Billions and billions...

BY BEN GILLILAND

They say that, with the proliferation of cars, jet aircraft and the Internet, the world is getting smaller. Yet, conversely, the numbers we have to deal with every day are getting larger. We hear of billion-to-one chances, œlbillion business deals and the universe containing l00billion galaxies and billions upons billions of stars. Behind us lay billions of years of history, against which a human life is a mere blink of an eye. But what is a billion? It is now widely accepted as 1 ,000 million, though the British billion was traditionally a million million. To get some idea of how big a billion is, it would take your entire lifetime to count to it if you started as soon as you were born. In the face of such mind-boggling figures the human brain practically melts down - big numbers make us dizzy. The fact is that most people just don't understand what a billion is - or a million for that matter - and don't really care. We yawn at the billions of tonnes of carbon dioxide released into the atmosphere. We rationalise playing a lottery with a chanceof winning of less than one in 14million by concluding that 'someone's got to win it'.Yet if we are told we have same odds of contracting a killer disease, we brush it aside with the thought 'it'll never happen to me'. But why do we have such a problem with numbers that increasingly inhabit our daily consciousness? It may be because our brains never evolved to deal them. After all, not so long ago, our world was governed by the tens of people in our tribe or the hundreds of kilometres we might travel in our lifetime - we are not equipped to handle numbers in the thousands, let alone millions or billions. Our children stand a better chance of becoming 'billion friendly' as they are growing up in a generation where the power of the computers they use for school and games is measured in gigahertz and gigabytes (giga meaning a billion). So next time you read that a billion tonnes of a pollutant has found its way into the air we breathe, just remember how big a billion is. To put it into perspective, a billion seconds lasts 31.7 years and a billion minutes is 1,901 years. There are a billion atoms making up the dot over this i. China has a population of a billion and London has 7.5million residents, so it would take at least 133 Londons to equal the amount of citizens in China.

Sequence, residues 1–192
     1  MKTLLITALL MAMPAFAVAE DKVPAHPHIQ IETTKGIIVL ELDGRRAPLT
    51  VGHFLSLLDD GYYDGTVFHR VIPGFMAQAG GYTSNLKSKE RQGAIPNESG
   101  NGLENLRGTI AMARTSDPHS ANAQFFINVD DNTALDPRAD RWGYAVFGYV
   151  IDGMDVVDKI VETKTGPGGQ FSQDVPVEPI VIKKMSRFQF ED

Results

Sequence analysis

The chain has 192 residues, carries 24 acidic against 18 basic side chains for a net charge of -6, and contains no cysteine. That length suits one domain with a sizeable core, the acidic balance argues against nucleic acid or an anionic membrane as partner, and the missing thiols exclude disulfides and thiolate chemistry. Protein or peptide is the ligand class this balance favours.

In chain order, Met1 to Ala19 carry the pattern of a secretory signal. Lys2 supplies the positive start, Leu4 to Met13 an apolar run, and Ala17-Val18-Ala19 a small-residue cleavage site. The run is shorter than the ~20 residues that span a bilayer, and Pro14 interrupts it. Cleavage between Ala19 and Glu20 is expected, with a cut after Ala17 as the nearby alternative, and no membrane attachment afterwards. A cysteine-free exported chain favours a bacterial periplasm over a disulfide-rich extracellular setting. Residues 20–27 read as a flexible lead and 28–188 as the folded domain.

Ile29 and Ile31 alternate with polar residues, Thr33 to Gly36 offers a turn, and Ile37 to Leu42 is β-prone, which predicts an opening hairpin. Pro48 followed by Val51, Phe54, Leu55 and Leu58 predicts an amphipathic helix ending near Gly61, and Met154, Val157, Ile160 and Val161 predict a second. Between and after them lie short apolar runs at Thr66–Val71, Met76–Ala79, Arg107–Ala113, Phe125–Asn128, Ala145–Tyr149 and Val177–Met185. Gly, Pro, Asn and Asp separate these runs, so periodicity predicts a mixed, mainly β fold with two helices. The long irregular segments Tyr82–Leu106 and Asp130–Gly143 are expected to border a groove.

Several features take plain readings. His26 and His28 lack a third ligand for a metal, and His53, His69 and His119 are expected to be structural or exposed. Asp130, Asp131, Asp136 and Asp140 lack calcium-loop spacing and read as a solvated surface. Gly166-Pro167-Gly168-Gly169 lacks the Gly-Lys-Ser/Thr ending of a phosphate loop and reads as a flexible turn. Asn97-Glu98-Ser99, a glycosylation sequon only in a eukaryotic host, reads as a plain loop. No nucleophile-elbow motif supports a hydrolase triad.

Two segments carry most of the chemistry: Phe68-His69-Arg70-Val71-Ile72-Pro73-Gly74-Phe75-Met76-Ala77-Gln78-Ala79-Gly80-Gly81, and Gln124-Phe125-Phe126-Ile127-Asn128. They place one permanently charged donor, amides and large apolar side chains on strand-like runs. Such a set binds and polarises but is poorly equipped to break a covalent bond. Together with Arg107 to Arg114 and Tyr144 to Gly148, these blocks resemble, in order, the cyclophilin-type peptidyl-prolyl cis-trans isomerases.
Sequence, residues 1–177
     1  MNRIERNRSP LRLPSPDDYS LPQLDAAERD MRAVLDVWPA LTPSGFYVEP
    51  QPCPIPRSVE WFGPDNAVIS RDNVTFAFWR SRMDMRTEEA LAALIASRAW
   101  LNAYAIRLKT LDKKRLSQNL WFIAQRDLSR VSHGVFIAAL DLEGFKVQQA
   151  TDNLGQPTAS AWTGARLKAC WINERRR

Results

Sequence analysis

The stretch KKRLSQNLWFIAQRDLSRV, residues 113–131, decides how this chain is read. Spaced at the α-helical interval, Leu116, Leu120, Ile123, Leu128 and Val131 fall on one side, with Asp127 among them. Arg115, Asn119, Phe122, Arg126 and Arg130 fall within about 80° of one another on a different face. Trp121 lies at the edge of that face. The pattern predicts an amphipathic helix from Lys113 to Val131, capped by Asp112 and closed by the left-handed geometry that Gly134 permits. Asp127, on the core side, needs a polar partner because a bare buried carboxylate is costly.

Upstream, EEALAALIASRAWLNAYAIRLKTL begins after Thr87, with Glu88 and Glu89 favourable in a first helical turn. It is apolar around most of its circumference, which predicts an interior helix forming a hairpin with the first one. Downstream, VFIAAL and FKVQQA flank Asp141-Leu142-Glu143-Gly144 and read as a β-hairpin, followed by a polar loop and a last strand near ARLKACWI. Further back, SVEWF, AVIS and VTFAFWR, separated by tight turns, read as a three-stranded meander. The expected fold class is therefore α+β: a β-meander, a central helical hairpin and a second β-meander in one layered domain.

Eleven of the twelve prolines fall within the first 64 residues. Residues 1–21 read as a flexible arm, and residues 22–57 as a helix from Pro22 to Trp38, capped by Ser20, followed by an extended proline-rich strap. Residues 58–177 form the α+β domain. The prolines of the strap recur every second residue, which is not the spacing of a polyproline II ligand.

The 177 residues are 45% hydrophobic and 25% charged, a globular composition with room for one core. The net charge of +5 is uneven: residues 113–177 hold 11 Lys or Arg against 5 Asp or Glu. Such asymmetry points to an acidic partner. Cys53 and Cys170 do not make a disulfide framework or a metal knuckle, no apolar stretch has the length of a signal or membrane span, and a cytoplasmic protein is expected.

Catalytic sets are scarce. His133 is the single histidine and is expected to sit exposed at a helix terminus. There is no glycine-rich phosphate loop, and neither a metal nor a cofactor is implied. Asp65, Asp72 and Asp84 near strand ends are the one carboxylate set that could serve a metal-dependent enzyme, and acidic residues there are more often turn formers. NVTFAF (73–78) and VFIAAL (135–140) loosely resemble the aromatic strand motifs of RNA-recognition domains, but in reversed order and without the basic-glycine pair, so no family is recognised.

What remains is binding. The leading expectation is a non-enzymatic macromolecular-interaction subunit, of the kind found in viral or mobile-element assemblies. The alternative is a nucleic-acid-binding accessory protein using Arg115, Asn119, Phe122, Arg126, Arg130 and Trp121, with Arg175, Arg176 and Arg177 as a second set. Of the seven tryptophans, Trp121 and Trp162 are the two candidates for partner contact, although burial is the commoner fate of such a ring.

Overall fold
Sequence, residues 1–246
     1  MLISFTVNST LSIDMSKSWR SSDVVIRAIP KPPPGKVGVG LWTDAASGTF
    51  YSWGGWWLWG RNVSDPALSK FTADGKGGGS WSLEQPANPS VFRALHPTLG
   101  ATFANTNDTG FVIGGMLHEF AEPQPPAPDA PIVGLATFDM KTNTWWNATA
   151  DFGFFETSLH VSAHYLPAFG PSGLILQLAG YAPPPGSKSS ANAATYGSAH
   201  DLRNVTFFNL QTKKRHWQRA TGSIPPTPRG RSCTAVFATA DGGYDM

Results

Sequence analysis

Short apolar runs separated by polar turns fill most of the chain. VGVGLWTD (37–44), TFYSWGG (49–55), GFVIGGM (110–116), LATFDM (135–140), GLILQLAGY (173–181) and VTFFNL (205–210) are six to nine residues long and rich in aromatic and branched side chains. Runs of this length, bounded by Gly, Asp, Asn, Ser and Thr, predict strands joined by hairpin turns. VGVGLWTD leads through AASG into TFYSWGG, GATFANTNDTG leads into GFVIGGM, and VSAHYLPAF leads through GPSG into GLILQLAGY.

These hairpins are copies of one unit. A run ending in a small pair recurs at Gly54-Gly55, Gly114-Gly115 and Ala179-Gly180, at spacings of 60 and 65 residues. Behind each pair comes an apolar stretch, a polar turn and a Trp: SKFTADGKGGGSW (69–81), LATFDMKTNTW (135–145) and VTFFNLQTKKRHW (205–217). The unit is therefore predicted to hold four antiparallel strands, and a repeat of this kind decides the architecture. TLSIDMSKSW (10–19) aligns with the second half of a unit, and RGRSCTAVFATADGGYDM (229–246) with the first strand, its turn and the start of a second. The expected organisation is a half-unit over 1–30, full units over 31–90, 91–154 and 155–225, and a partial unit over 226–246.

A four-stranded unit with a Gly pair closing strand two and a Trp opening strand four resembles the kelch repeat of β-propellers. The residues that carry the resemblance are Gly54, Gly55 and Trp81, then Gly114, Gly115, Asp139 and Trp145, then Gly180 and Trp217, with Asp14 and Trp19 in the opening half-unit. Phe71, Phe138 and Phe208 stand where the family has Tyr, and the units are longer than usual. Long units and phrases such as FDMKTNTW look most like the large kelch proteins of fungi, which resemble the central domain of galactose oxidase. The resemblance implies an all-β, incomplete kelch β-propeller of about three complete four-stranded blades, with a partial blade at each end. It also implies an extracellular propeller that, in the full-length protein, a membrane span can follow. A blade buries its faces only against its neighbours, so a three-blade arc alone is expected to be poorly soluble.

[Metro Dec7,2006]


Fear adds up to maths 'dyslexia'

MATHS anxiety could be the reason some people struggle with sums according to psychologists The mental block interferes with the brain's memory, making even simple arithmetic impossible. Researcher Dr Sheila Ford, from Staffordshire University, said: 'Maths is precise- either right or wrong. The fear of getting an answer wrong may trigger maths anxiety in children.
[The Metro Apr4,2006]


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